To make matters more complicated, some species, such as swans, geese and ducks, can carry the virus without showing any signs of illness.

Preventing the Transmission of Avian Flu

Avian Influenza is a global disease that occurs naturally in wild birds. Scientists consider shorebirds and waterfowl the natural reservoir for multiple avian influenza viruses.

As birds migrate, they can spread disease around the four corners of the globe and transmit it to domestic birds. Migration is impossible to control. 

Wild birds were relatively unaffected by avian flu, but spill-back has occurred from domestic and farmed poultry flocks, negatively affecting healthy birds who now succumb to the disease.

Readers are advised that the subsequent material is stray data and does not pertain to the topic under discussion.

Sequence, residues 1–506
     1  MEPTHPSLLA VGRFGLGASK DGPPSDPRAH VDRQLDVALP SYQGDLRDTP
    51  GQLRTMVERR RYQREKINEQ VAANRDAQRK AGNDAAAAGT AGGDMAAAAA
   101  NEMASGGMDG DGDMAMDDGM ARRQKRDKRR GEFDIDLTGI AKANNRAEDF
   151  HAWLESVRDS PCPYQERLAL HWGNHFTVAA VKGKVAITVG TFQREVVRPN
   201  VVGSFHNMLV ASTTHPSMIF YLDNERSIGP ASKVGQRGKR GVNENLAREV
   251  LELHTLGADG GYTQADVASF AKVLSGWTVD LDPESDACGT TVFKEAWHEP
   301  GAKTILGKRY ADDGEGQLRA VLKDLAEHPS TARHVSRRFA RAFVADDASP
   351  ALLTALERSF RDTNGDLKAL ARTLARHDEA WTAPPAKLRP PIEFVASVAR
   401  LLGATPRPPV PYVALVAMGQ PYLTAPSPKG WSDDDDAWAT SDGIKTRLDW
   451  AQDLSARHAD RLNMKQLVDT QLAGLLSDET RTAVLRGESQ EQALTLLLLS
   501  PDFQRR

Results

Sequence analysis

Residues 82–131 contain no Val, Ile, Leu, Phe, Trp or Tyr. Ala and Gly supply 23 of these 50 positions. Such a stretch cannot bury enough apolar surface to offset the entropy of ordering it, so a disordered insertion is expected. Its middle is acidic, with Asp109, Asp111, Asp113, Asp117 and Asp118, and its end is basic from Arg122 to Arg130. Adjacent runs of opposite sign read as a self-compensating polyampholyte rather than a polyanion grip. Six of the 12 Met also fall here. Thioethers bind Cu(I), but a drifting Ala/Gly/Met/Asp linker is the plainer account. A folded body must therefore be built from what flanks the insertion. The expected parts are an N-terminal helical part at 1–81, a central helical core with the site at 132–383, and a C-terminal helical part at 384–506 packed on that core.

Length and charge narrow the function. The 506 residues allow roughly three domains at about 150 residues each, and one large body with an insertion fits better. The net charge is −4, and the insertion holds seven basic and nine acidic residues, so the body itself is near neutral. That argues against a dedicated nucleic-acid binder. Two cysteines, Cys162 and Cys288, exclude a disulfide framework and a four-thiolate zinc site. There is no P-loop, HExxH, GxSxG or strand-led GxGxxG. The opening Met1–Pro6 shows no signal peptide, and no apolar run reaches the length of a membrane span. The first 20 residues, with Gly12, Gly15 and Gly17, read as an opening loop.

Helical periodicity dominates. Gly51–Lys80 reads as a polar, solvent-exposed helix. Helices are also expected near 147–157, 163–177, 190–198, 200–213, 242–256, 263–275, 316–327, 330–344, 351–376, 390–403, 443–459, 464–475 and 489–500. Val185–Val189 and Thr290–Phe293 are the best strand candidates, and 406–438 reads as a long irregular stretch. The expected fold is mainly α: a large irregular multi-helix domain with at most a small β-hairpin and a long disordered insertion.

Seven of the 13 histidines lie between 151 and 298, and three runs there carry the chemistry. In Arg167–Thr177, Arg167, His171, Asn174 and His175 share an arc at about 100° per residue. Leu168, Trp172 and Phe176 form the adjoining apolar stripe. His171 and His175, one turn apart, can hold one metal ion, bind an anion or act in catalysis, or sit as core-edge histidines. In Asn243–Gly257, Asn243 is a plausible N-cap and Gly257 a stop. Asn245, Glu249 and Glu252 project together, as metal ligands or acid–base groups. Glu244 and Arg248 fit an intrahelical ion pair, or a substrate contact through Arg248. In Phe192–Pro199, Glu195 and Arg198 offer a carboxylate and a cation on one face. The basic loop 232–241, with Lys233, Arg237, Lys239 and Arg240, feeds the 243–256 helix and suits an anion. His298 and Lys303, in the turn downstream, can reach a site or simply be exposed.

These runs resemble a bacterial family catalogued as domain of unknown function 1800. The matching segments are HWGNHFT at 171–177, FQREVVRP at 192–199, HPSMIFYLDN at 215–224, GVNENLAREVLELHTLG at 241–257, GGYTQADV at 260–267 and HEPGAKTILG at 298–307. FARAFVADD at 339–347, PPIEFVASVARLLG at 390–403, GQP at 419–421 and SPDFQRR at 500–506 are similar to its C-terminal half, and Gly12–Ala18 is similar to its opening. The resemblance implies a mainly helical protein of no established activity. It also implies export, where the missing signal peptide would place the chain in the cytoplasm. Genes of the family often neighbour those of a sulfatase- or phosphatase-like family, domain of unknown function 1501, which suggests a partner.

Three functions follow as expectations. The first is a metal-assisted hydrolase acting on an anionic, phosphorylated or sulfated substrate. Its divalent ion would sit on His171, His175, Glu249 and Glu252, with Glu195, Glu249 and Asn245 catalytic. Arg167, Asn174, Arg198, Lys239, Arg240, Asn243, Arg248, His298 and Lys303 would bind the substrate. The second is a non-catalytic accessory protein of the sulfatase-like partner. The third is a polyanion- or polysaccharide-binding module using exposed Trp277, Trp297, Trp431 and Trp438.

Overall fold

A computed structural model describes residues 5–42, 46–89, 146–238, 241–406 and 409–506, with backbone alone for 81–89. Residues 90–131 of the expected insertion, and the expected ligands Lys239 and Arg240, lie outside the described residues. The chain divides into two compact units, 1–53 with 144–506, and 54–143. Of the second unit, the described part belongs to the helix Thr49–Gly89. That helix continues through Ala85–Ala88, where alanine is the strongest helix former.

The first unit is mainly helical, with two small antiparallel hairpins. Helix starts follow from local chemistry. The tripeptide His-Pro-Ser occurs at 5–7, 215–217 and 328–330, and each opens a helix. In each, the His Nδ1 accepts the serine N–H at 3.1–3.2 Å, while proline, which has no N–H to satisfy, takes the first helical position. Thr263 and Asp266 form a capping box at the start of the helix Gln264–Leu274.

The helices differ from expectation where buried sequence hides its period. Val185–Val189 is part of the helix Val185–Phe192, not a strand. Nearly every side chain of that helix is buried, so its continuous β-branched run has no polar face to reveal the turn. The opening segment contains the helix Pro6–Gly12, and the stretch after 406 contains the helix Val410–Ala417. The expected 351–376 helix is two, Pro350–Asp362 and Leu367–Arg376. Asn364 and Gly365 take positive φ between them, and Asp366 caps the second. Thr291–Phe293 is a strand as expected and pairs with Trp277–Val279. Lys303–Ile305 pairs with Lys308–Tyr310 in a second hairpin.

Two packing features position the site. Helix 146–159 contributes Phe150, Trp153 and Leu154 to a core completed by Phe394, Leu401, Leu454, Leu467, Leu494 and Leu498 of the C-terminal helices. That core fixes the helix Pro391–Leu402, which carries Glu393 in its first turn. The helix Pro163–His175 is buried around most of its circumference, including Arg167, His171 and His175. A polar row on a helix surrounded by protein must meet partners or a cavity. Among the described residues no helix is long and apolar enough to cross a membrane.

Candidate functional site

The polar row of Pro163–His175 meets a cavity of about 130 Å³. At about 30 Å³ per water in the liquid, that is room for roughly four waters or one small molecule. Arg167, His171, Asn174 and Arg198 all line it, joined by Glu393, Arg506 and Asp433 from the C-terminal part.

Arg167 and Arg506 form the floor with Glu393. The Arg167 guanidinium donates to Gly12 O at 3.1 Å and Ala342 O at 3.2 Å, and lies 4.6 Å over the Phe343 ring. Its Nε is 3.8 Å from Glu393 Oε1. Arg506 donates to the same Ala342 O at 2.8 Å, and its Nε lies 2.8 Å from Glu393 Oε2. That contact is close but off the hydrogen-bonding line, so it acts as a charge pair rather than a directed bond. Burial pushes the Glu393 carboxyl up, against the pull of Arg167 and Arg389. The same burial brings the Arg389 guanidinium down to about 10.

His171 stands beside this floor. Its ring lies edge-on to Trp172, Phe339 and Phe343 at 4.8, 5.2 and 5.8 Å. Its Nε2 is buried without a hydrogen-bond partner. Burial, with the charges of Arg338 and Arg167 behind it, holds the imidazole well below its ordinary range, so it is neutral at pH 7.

International trade and globalisation have accelerated transmission. No longer is poultry kept in small numbers and slaughtered and eaten locally.

Farming of birds takes place in large numbers with farming methods that make any disease harder to control. Once avian flu is present, it’s almost impossible to prevent it from spreading within big groups of poultry housed inside.

Avian flu’s transmission can be limited if not halted by close monitoring of flocks, culling where the disease is endemic, and preventing the movement and sale of birds within defined disease control zones.

Everyone can play a part in preventing transmission. Local authorities should encourage the public to report sick or dead wild birds by calling the Defra helpline with specific sightings. These include a single dead bird of prey or owl, three or more dead waterfowl or gulls, or five or more dead birds of any species.